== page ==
ANZ chief Shayne Elliott has become the subject of a criminal prosecution. We regret, however, that this may not be quite the scoop that it sounds. For it is not the police who have brought the proceedings. Nor is there a DPP in sight.
Rather, the action against Shayne is a private prosecution brought by none other than Rod Culleton, the former senator for One Nation who once famously called on the High Court to give him a trial by jury.
Typically elitist as it is, the High Court declined. It “doesn’t do” trials by the un-bewigged. So Rockin’ Rod’s petition to be heard by his peers fell on deaf ears. This all happened a couple of years ago when, fending off his usual crowd of clambering creditors, Rod was hauled before the High Court. The High Court had been asked to deliberate on his eligibility to sit in Parliament.
Rod no longer serves in Parliament, at least in the eyes of the Court.
A problem with standing
Is Shayne Elliott quaking in his boots at the prospect of being dragged before the courts under this inky cloud of criminal allegations by Rod? Unlikely.
As Rod Culleton is bankrupt, he would probably require the approval of his trustee in bankruptcy to issue criminal proceedings. In other words, Rod may not have “standing” to be running about bringing criminal actions as it is his trustee – in this instance Shaun Rowland, official trustee at the Australian Financial Security Authority – who is in control of his affairs.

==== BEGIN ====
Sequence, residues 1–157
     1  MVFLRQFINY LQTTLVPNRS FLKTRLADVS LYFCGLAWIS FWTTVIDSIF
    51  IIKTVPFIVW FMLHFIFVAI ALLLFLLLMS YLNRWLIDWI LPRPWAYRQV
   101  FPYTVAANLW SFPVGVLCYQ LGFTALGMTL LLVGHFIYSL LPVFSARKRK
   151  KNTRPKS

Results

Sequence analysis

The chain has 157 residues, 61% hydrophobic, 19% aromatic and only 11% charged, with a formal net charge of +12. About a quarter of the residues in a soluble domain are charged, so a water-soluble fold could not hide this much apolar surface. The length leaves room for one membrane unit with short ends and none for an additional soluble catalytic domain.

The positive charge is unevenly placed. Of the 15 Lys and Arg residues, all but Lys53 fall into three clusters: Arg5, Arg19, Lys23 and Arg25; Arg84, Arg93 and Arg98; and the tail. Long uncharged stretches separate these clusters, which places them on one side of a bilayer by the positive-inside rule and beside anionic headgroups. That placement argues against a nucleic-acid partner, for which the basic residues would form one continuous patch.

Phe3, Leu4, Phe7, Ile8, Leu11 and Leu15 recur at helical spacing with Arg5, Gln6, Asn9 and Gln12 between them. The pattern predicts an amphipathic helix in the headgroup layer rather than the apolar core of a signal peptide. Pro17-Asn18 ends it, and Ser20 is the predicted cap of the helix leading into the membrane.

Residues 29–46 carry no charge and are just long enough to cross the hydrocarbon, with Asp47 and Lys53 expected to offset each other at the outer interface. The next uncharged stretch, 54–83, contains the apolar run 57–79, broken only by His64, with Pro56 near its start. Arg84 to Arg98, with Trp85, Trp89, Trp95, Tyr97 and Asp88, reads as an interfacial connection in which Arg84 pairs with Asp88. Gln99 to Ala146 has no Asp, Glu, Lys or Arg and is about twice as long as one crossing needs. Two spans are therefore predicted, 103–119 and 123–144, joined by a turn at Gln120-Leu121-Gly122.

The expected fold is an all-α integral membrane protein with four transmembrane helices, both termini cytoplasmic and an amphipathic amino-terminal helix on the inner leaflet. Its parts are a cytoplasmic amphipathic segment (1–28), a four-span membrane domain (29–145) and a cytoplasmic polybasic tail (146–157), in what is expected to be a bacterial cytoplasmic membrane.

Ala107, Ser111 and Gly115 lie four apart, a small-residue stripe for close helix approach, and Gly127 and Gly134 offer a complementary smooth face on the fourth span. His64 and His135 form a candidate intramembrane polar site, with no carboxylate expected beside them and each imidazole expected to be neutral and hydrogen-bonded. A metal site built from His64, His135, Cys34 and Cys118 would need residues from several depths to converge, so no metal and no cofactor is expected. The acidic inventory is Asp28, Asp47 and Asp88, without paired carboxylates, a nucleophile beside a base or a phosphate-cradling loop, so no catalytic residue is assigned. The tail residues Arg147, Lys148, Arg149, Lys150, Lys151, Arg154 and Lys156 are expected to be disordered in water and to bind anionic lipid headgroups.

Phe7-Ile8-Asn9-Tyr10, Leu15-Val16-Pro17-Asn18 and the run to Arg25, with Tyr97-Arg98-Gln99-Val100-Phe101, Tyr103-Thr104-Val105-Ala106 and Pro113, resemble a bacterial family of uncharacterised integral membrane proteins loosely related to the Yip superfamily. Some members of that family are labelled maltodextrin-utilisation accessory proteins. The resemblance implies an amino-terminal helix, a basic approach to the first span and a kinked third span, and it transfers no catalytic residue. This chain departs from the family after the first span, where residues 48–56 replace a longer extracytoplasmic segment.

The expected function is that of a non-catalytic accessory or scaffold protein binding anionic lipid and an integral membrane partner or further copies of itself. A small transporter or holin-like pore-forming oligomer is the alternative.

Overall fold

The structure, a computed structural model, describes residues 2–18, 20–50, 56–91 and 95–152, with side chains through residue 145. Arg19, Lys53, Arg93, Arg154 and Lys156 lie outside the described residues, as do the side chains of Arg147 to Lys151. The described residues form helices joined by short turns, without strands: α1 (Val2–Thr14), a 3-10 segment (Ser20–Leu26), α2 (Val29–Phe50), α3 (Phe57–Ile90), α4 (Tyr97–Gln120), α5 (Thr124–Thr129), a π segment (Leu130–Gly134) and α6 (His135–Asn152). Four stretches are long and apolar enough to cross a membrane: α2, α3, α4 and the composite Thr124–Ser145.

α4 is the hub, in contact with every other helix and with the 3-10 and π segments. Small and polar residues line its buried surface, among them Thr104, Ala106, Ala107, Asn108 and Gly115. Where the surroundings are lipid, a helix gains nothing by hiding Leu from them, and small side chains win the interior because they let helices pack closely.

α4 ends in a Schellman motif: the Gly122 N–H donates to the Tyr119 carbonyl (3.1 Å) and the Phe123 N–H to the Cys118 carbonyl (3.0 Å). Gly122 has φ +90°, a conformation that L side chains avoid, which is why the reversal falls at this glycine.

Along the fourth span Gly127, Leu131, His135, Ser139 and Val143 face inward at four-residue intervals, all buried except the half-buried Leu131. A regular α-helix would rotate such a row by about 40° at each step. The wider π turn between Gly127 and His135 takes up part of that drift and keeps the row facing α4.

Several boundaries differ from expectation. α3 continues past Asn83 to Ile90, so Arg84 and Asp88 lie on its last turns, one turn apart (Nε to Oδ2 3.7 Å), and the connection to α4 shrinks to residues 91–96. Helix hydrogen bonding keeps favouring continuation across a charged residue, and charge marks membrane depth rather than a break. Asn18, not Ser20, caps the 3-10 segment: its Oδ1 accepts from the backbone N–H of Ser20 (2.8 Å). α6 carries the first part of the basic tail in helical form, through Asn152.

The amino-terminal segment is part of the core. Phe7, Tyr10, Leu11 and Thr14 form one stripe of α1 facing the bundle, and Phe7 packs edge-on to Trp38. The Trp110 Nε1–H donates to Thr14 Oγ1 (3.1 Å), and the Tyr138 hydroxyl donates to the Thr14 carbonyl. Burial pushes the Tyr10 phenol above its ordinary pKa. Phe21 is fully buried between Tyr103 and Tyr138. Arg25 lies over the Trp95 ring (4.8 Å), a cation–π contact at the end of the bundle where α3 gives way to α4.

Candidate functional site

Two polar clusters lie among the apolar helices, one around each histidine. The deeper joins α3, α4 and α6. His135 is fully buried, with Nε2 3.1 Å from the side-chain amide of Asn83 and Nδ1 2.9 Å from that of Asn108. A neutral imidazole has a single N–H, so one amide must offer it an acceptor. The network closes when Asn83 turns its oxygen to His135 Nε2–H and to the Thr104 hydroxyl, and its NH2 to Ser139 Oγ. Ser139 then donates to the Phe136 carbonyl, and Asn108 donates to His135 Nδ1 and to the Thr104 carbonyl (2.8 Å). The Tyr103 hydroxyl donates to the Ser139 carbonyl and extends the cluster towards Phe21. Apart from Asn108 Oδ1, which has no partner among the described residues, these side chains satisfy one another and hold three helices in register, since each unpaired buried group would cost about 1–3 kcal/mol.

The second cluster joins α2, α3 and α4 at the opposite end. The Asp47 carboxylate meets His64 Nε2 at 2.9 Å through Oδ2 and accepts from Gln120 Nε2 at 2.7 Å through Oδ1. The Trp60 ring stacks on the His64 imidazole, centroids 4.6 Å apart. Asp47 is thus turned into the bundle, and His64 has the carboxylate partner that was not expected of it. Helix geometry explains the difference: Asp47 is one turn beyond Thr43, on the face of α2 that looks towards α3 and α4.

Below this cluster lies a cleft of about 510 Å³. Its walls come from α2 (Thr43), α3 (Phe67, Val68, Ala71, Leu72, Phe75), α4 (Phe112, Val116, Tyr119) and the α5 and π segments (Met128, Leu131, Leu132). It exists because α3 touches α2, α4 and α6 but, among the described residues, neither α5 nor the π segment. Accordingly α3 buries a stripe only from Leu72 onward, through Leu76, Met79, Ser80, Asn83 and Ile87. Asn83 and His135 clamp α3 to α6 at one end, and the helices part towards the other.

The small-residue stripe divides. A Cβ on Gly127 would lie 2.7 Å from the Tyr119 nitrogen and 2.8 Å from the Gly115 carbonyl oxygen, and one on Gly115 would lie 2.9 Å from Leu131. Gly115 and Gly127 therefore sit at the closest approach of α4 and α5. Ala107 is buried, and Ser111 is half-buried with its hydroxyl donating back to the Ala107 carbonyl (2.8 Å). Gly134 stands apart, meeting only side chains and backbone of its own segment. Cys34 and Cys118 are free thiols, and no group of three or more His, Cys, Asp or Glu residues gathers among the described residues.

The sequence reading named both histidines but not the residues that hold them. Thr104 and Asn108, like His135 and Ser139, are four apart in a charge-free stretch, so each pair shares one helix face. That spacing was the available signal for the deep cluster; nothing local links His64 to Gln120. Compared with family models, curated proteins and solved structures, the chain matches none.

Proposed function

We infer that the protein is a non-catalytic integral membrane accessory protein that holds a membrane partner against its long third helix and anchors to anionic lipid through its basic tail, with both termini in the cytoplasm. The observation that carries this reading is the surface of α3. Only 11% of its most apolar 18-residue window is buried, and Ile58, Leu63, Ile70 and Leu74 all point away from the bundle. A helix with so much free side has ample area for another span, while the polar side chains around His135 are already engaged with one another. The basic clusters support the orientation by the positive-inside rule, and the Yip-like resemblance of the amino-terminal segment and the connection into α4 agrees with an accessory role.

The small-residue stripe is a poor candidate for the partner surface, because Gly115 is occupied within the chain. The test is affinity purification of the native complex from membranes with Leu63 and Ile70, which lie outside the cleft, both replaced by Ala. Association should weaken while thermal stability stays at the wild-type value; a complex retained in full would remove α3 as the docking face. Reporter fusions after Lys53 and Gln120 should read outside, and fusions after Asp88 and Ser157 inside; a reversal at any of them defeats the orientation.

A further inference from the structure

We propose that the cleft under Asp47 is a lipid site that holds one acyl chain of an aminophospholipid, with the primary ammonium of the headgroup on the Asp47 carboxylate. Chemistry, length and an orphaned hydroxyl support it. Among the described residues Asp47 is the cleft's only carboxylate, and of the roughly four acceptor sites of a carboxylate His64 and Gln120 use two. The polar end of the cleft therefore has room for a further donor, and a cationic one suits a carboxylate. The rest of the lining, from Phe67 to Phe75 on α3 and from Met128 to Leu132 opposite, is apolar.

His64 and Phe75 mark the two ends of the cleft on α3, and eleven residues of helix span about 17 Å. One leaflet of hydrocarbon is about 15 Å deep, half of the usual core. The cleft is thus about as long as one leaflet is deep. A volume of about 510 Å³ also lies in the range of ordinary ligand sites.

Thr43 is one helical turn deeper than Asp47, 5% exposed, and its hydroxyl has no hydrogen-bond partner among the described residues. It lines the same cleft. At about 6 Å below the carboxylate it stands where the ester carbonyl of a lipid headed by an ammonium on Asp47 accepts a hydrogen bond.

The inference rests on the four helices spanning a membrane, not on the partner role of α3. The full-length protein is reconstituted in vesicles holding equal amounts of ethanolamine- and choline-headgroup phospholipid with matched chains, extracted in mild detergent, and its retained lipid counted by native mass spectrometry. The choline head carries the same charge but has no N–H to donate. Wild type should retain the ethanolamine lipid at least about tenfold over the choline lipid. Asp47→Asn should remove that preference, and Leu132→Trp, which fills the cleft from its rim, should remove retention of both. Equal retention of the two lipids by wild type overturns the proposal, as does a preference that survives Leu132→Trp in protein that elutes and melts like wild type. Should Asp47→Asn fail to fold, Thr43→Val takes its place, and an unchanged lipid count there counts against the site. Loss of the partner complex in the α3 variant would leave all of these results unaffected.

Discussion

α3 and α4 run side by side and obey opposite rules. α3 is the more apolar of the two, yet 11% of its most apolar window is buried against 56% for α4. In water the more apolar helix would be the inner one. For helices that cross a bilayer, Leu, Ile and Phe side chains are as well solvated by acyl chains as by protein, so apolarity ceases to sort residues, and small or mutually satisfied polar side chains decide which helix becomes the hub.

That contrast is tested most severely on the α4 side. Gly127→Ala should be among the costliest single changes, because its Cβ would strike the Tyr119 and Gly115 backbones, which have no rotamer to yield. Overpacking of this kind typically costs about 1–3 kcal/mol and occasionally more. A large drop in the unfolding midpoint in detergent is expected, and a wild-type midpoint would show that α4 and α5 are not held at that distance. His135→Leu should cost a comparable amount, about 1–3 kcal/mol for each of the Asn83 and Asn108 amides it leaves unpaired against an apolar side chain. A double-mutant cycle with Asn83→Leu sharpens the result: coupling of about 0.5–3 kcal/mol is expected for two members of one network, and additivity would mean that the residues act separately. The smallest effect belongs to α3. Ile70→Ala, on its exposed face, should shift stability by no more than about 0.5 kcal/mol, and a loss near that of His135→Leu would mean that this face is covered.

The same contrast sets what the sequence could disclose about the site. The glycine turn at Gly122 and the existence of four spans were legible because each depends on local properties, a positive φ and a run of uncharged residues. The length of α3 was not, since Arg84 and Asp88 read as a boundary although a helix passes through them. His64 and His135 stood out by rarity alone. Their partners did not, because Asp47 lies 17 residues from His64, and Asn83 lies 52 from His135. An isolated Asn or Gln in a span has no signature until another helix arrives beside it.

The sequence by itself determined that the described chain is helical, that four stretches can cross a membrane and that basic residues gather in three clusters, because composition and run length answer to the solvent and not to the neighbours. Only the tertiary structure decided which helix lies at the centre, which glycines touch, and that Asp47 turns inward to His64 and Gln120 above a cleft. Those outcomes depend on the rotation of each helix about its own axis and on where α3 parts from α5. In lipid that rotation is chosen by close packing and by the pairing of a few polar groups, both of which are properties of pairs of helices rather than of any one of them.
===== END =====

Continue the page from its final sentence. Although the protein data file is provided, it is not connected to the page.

Shaun, if you read this perhaps you could advise as to whether you have agreed to the action by Rod?
In any case, not only does Rod seem unperturbed by such minor legal impediments but he has also politely declined the court’s determinations to have stood him down from the Senate.
If you look closely at the lower right hand corner the the accompanying document, you will see this notice of criminal prosecution is dated December 19 and appears to have been brought by “Duly elected public officer, Senator Rodney Culleton”.
Rod might be accused of many things but not being indefatigable is not one of them (that’s a triple negative so that’s okay) .
Just below the “Senator” bit appears to be the word “exile” in brackets. As an exile, Rodney is in esteemed company. King David lived in exile, as did Themistocles, the Roman poet Ovid, Charles de Gaulle and the 14th Dalai Lama.
Now Rod, Senator in Exile.
The twist in this saga is that Rod owed the ANZ $4.3 million, or to be more precise, Rod had a judgement debt against him of $4.3 million from the ANZ Bank’s trustee PCL. He also had a judgement debt against him of $203,000 by WA businessman Dick Lester.
Now Rod is going after the chief executive of ANZ. We don’t exactly know what he is charging Shayne with but it is believed to relate to Landmark. Rod had a loan with Landmark when ANZ took over the Landmark loan book and sources say Rod is not happy at his treatment at the hands of the bank.
There has been some local press in recent days about private prosecutions.
“A number of Private Prosecutions were filed today against Mr Shayne Elliott in the Magistrates Court in the Upper Great Southern wheatbelt town of Narrogin, Western Australia.
“Mr Elliott, currently the ANZ Bank CEO, must attend the hearing on the 18th February 2019 to enter a plea on a number of filed actions – (Group actions),” said the story in one publication .
It will be interesting to see how ANZ handles the proceedings, set down for a local court in rural WA in February. Last time ANZ directors were served, and in that case the bank did have a case to answer and ended up settling with the Indian billionaire plaintiffs for a chunky sum, some of the bank’s directors thought it was beneath their dignity to accept service of subpoenas.
Shayne Elliott is thought to be a bit more down to earth. The question is, what does Rod’s trustee think of all this?
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